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National Alliance on Mental Illness highlights importance of providing resources for those in need

Valentine's Day is meant to be a day of love, but for some it can mean the opposite. We spoke with a local mom and columnist about the importance of mental health.

CORPUS CHRISTI, Texas — Valentines Day is meant to be a day of love, but for some it can lead to depression and even suicidal thoughts. 

Local resident Heather Loeb has has been struggling with depression for the last 20 years. 

"For me I noticed that I isolate from people, my friends and family," Loeb said "I don't want to do anything, sleep more than I usually do, and that is a pretty good indicator that I am running on empty." 

Loeb spoke with 3News to discuss the importance of mental health, and how putting oneself first can mean a lot. 

"I didn't really understand why it was so important until I had kids," Loeb said. "I was mentally ill, still am, and I was focusing all on them, and I forgot about me. One of the parts of recovery with mental illness is focusing on yourself, self care, doing things you need to do."

Loeb added that at one point in her life she wasn't sure what resources were available to help her. The National Alliance on Mental Illness provided Loeb with the resources she needed to help get through her day to day life.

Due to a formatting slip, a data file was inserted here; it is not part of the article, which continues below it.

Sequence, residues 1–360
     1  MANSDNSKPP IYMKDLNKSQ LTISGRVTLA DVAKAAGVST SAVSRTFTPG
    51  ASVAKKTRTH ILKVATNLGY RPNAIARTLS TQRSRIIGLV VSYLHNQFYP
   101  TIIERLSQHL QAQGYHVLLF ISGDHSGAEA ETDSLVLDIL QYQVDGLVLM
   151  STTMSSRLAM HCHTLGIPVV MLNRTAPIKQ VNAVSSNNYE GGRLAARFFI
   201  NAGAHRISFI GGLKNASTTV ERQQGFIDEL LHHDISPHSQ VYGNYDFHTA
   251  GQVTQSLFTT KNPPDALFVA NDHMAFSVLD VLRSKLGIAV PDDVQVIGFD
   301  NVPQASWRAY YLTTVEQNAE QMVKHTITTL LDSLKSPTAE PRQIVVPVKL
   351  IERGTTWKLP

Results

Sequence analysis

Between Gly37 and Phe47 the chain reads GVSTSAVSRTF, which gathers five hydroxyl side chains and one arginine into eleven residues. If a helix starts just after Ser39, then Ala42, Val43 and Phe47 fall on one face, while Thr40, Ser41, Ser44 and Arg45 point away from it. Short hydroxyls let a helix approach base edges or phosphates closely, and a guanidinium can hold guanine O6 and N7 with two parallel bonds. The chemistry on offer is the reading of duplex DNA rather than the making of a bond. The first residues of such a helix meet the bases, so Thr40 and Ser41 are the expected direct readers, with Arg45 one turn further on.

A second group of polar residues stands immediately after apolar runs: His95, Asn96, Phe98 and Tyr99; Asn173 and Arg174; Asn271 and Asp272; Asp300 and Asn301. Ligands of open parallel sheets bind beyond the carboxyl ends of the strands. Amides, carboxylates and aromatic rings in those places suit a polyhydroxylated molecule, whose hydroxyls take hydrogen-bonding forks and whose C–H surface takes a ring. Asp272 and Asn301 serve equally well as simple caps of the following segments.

Angela Horner with the Corpus Christi office for NAMI said that being able to voice your concerns is the first step toward recovery. 

"Being able to speak out and say yeah I take anti depressants or I struggle with anxiety," Horner said. "There's a lot of people that often say me too. Nothing to be ashamed of."

The organization is made up of volunteers and offers classes and support groups for those who experience mental illness and their families. 

"Were not going to solve problems, we are not professionals, we're all volunteers," Horner said. "And what qualifies us is our lived experience. We are here to say its okay, you are going through a rough time, let's talk about it."

Horner said the holidays can often be a trigger for those who live with depression and suicidal thoughts. Now in recovery, Loeb works with NAMI and has found blogging as an outlet to share her story.  She hopes of also saving others from the same thoughts that nerved her. Her blog is called 'Unruly Neurons'. Loeb also writes a mental health column in the Caller-Times and serves on State Representative Todd Hunter's Suicide Prevention Task Force.

"I get to tell whatever I want and it feels good getting it off my chest, I know there are others struggling like I do," Loeb said. 

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